I know many, many people who were naturalized within the last few years, and not one of them has given up their original citizenship.
It's actually an odd contradiction in the law. While the U.S. would like you to give up your original citizenship, they also never, ever want any other country to be able to force a U.S. citizen to give up theirs. And so they are sort of ambiguous about it on purpose. But they recognize that they can't force you to, and in your husband's situation I think he is entitled to keep it and get his inheritance! If he has only renounced his citizenship to the U.S. authorities, that should not be valid anyway. He would have to renounce it to Indian authorities as well.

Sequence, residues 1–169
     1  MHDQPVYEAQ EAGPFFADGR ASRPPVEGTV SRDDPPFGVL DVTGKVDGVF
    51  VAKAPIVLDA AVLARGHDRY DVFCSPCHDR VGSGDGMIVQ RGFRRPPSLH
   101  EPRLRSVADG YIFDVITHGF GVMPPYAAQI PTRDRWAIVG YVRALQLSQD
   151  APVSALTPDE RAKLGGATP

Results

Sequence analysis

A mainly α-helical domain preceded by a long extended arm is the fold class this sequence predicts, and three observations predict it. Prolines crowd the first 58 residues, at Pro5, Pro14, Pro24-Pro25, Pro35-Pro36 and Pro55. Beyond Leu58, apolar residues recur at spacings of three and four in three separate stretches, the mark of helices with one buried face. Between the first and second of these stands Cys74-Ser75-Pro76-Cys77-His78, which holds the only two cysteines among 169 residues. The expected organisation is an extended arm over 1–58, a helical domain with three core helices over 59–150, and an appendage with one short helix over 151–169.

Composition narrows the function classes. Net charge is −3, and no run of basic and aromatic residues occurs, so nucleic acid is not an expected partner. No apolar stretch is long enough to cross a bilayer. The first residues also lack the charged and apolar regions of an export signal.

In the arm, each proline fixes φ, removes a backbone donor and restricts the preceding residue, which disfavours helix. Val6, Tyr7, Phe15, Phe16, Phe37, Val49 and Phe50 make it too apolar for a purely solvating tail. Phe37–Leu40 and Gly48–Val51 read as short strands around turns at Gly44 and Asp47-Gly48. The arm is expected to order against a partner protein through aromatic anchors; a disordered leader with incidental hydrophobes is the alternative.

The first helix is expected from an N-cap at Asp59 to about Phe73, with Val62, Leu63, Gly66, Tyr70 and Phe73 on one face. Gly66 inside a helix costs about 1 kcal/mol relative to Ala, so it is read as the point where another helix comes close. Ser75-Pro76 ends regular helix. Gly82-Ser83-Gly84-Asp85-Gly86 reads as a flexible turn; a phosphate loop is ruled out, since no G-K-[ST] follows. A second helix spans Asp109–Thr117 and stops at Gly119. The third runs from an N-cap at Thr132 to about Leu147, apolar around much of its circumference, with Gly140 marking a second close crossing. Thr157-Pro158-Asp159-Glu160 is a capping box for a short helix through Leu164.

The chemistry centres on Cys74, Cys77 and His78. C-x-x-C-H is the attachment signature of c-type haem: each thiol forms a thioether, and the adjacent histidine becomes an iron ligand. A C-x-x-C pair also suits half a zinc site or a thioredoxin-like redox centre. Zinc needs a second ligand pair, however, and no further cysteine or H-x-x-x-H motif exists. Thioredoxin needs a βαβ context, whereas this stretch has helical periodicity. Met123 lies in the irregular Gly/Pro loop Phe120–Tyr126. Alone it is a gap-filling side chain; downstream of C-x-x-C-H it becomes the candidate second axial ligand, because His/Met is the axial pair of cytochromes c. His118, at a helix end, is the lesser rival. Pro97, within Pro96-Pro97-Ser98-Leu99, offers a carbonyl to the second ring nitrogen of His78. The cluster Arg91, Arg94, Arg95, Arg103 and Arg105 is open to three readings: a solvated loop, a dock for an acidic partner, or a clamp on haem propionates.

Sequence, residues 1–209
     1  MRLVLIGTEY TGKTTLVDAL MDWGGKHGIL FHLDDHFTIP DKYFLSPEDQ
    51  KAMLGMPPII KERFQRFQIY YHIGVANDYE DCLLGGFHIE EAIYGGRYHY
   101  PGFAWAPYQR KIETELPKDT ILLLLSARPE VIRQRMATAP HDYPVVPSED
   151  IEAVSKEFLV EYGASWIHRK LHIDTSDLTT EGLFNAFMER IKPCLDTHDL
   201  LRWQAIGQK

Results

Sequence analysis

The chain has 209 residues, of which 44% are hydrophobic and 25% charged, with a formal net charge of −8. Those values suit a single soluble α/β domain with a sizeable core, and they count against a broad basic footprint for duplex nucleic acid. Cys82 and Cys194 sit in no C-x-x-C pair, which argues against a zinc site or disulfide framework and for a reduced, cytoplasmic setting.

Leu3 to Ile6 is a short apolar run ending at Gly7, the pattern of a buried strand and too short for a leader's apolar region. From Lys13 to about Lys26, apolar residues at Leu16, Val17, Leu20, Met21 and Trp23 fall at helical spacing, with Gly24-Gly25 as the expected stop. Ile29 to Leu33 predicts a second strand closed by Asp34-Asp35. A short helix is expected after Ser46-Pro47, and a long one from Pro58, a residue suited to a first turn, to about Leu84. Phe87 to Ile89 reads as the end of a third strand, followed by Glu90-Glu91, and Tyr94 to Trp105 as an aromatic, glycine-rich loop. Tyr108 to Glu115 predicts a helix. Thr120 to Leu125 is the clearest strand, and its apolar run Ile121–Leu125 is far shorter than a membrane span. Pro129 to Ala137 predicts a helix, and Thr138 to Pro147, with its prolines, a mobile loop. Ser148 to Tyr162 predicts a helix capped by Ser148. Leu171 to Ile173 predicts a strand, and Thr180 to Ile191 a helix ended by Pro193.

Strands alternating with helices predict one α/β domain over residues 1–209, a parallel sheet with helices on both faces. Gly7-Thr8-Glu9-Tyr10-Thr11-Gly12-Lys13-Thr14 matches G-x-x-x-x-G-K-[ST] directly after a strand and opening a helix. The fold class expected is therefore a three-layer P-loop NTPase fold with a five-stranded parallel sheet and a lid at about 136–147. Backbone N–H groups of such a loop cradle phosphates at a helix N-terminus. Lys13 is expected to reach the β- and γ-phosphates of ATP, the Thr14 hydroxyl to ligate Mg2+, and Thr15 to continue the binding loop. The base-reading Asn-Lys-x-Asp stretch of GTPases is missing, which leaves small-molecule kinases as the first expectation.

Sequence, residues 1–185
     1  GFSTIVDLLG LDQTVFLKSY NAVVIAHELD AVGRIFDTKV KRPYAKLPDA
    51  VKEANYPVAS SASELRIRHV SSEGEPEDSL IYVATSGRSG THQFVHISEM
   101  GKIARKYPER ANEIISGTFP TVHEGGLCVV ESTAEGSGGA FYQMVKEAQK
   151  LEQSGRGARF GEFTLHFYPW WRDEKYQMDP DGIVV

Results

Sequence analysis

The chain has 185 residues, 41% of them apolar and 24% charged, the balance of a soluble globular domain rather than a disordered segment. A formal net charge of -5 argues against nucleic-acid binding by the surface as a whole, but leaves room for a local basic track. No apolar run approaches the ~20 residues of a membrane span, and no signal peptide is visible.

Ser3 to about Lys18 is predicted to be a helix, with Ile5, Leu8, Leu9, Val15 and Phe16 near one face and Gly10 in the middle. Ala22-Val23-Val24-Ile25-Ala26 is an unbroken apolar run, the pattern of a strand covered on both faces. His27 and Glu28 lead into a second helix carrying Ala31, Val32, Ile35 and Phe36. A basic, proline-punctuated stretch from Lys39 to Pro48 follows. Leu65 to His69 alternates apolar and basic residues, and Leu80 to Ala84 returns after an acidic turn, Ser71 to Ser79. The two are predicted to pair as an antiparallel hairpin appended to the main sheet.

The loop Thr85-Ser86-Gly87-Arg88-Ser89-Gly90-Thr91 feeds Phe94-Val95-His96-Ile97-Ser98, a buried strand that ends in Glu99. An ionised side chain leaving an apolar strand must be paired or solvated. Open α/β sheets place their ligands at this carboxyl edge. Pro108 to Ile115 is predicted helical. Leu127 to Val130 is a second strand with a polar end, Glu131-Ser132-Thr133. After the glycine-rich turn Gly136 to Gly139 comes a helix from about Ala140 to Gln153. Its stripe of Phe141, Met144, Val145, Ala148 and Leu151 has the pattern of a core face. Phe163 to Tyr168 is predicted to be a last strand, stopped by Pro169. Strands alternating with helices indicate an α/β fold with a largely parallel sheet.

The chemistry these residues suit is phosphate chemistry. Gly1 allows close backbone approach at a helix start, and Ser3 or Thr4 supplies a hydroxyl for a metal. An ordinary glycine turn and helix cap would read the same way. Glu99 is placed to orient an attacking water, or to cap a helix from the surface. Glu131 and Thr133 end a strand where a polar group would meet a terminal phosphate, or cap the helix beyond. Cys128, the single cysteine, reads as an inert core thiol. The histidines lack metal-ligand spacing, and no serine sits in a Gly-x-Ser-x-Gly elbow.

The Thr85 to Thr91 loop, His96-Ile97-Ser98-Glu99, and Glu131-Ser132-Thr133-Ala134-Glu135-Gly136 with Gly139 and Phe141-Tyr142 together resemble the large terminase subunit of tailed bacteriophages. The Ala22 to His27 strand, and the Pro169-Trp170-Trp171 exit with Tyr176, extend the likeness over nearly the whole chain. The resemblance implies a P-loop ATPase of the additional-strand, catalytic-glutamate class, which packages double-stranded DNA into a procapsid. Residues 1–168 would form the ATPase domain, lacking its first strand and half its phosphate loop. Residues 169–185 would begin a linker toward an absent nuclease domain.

I was born in Mexico to an American mother and have dual citizenship.
To the OP: Mexico makes a distinction between being a "citizen" and being a "national." I believe that one of them carries with it the right to vote and the right to own property, whereas the other doesn't, but does allow you to live and work in Mexico without being the spouse of a citizen. It was my understanding that since my children were born outside of Mexico, I can only give them "national" status, but not "citizen" status.
But I looked into that so long ago, that it's definitely a good idea to check the consulate site, or call them.